Relationship between whole-body tumor burden, clinical phenotype, and quality of life in patients with neurofibromatosis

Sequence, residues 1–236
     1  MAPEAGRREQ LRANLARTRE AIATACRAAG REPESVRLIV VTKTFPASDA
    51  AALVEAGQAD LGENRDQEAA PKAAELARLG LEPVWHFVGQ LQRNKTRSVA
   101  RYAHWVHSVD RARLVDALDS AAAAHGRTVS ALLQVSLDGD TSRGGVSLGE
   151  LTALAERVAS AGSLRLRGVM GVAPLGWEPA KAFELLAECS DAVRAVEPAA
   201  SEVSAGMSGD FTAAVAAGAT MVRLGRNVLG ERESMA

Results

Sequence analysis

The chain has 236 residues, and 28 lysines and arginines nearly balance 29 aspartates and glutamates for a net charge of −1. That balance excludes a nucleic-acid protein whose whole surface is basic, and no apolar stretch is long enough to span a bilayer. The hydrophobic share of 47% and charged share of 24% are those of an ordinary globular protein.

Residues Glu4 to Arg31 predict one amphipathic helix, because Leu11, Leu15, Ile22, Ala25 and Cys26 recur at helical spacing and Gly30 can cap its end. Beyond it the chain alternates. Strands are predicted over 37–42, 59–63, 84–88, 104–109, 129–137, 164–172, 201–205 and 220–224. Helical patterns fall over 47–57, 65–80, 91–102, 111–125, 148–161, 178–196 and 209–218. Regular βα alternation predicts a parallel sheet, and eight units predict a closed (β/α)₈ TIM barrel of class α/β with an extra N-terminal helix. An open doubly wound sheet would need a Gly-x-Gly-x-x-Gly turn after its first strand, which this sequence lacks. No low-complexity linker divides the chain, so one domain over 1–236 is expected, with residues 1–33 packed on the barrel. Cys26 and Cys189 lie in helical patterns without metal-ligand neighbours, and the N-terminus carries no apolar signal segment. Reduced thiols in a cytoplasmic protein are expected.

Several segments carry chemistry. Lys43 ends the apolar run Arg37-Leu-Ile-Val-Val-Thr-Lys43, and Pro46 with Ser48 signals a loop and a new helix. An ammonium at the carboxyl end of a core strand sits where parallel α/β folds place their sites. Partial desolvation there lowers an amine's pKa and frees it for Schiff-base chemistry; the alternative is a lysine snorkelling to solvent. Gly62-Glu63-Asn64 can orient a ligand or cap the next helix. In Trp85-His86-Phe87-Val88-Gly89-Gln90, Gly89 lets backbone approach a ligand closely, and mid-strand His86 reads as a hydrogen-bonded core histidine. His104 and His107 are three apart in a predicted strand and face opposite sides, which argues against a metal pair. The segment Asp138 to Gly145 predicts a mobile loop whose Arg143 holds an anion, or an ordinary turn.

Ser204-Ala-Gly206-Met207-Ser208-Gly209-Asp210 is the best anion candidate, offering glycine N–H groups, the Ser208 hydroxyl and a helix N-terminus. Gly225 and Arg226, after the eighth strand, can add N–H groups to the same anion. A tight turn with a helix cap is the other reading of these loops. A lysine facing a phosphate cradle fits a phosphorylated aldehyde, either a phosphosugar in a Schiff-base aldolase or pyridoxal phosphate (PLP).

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Patients with neurofibromatosis 1 (NF1), NF2, and schwannomatosis share a predisposition to develop multiple nerve sheath tumors. Previous studies have demonstrated that patients with NF1 and NF2 have reduced quality of life (QOL), but no studies have examined the relationship between whole-body tumor burden and QOL in these patients. We administered a QOL questionnaire (the SF-36) and a visual analog pain scale (VAS) to a previously described cohort of adult neurofibromatosis patients undergoing whole-body MRI. One-sample t-tests were used to compare norm-based SF-36 scores to weighted population means. Spearman correlation coefficients and multiple linear regression analyses controlling for demographic and disease-specific clinical variable were used to relate whole-body tumor volume to QOL scales. Two hundred forty-five patients (142 NF1, 53 NF2, 50 schwannomatosis) completed the study. Subjects showed deficits in selected subscales of the SF-36 compared to adjusted general population means. In bivariate analysis, increased tumor volume was significantly associated with pain in schwannomatosis patients, as measured by the SF-36 bodily pain subscale (rho = −0.287, P = 0.04) and VAS (rho = 0.34, P = 0.02). Regression models for NF2 patients showed a positive relationship between tumor burden and increased pain, as measured by the SF-36 (P = 0.008). Patients with NF1, NF2, and schwannomatosis suffer from reduced QOL, although only pain shows a clear relationship to patient's overall tumor burden. These findings suggest that internal tumor volume is not a primary contributor to QOL and emphasize the need for comprehensive treatment approaches that go beyond tumor-focused therapies such as surgery by including psychosocial interventions. © 2014 Wiley Periodicals, Inc.

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